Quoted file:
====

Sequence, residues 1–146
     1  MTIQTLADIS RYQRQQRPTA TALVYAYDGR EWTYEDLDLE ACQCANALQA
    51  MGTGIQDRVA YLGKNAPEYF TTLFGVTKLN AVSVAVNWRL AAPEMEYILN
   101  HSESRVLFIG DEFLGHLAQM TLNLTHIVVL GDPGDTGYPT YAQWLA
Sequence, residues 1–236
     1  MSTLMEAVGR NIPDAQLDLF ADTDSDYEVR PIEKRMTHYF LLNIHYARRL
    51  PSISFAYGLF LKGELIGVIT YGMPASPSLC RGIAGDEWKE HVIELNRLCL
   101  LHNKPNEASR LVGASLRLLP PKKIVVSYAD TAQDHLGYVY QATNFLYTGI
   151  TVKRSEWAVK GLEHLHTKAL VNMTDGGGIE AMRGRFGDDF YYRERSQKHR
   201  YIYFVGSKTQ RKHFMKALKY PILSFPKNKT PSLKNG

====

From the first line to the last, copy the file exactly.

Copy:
Sequence, residues 1–146
     1  MTIQTLADIS RYQRQQRPTA TALVYAYDGR EWTYEDLDLE ACQCANALQA
    51  MGTGIQDRVA YLGKNAPEYF TTLFGVTKLN AVSVAVNWRL AAPEMEYILN
   101  HSESRVLFIG DEFLGHLAQM TLNLTHIVVL GDPGDTGYPT YAQWLA
Sequence, residues 1–236
     1  MSTLMEAVGR NIPDAQLDLF ADTDSDYEVR PIEKRMTHYF LLNIHYARRL
    51  PSISFAYGLF LKGELIGVIT YGMPASPSLC RGIAGDEWKE HVIELNRLCL
   101  LHNKPNEASR LVGASLRLLP PKKIVVSYAD TAQDHLGYVY QATNFLYTGI
   151  TVKRSEWAVK GLEHLHTKAL VNMTDGGGIE AMRGRFGDDF YYRERSQKHR
   201  YIYFVGSKTQ RKHFMKALKY PILSFPKNKT PSLKNG